GAL­AXY SCHOOL

Revel in the old, revel in the waste

Down to Earth - - LIFESTYLE -

THE GAL­AXY School in Ra­jkot fol­lows a prin­ci­ple of min­i­mum carbon foot­print through re­cy­cling, re­use and use of re­new­able ma­te­rial. Af­ter the 2000 earthquake, huge quan­ti­ties of rub­ble from bro­ken build­ings were thrown out­side the city. This and in­dus­trial wastes like fly ash from a Gu­jarat Elec­tric­ity Board ther­mal plant, gyp­sum-waste from the san­i­tary ware in­dus­try at Thangadh and lime-waste from Tata Chem­i­cals Ltd, Mitha­pur, have been used as the pri­mary build­ing blocks. The trusses for the roof are made from steel pipes brought from the ship-break­ing works at Alang. The roofing in­cor­po­rates re­new­able mat­ting of date palm leaves on a bam­boo frame­work over which a fi­nal layer of thatch has been laid, says Surya Kakani of Kakani As­so­ci­ates that has de­signed the school.

Surya has ap­plied the phi­los­o­phy in build­ing his house. Nes­tled in a con­crete jun­gle of Ahmed­abad, his house is in per­fect har­mony with na­ture and does not re­quire an air-con­di­tioner. Two years ago, it was just an old hous­ing board ten­e­ment with some per­sis­tence prob­lems. In fact, the ini­tial plan of the Kaka­nis was to raze it to the ground and build afresh. But af­ter some de­lib­er­a­tions, they re­alised that tear­ing down a struc­turally work­ing build­ing was a huge waste of re­sources. So they de­cided to make some­thing won­der­ful out of the ex­ist­ing build­ing, rather than de­sign­ing a new struc­ture and cre­at­ing more waste.

Through their trav­els across the coun­try, the cou­ple had ob­served that cer­tain tra­di­tional prac­tices were still rel­e­vant and ap­pli­ca­ble in to­day’s con­text. They chose ma­te­ri­als that are low in em­bod­ied en­ergy, and tech­nolo­gies that are sus­tain­able and en­ergy-ef­fi­cient. They took a con­scious call on not us­ing paints and pol­ishes as they con­tain volatile or­ganic com­pounds, and used lime plas­ter in­stead of ce­ment, re­cy­cled wood in­stead of alu­minium or steel, and glass only at places where heat ingress is min­i­mal. By not de­mol­ish­ing the old struc­ture, the cou­ple now have a house with thick load bear­ing walls and a thick roof, thanks to the veg­etable gar­den on the roof. To­gether, these fea­tures in­su­late the house. The Kaka­nis have also in­stalled a wind catcher on the roof to let fresh air in so that the house re­mains com­fort­able in all sea­sons. This has elim­i­nated the need for air-con­di­tion­ing. “Now all five rooms of our two-and-a-half storey house re­ceive fresh air through a duct, ven­ti­lat­ing and cool­ing the house,” adds Surya.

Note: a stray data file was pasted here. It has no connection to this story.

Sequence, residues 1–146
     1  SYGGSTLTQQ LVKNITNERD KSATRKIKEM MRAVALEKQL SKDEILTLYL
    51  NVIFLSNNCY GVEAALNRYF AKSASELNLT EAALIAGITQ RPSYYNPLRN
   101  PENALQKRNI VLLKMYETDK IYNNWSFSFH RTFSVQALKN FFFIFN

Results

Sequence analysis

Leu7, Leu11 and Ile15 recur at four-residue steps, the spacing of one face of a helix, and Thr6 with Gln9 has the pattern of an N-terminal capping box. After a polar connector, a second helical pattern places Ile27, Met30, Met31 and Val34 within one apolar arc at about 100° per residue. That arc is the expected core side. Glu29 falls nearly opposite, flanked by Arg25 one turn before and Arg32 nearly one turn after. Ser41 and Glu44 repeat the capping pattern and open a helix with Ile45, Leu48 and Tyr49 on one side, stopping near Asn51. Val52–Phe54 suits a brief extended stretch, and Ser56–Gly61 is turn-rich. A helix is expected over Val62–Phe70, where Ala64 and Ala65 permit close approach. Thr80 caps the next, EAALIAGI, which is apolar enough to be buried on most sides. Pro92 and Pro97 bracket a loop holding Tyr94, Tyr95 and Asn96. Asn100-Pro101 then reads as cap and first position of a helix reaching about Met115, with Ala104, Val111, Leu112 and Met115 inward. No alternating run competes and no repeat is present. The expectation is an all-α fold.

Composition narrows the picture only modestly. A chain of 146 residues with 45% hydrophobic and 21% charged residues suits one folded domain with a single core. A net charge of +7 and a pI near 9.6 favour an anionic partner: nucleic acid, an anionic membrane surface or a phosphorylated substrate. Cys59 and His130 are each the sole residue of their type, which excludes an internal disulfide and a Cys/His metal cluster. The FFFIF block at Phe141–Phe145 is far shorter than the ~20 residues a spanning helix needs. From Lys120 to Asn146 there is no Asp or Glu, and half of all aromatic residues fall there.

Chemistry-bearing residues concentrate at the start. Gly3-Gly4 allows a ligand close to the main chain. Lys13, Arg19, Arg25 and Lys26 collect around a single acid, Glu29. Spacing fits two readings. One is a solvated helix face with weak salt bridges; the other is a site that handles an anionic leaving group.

The liv­ing space on the ground floor is de­signed in a way so that the ve­ran­dah opens onto a court­yard. Rain­wa­ter is har­vested for drink­ing and the ex­cess wa­ter is di­verted into ground recharge wells in the court­yard. Wa­ter drained from the wash­ing ma­chine is used to flush toi­lets and that from the kitchen sink goes into the ba­nana plan­ta­tion. A so­lar wa­ter heater has re­placed the geyser in the house. The home also nur­tures its own ecosys­tem with a fish and lo­tus pond, veg­eta­bles and a herb gar­den, and in­dige­nous plants to nest na­tive birds. The cou­ple now plans to raise the ecofriendly bar of their house by in­stalling a so­lar­cum-wind tur­bine and go off grid.

LO­CA­TION Ra­jkot, Gu­jarat COST Not avail­able IN­NO­VA­TION Af­ter the 2000 earthquake, huge quan­ti­ties of rub­ble from bro­ken build­ings were thrown out­side the city. This and in­dus­trial wastes, such as fly ash, have been used as the pri­mary build­ing blocks KAKANI AS­SO­CI­ATES

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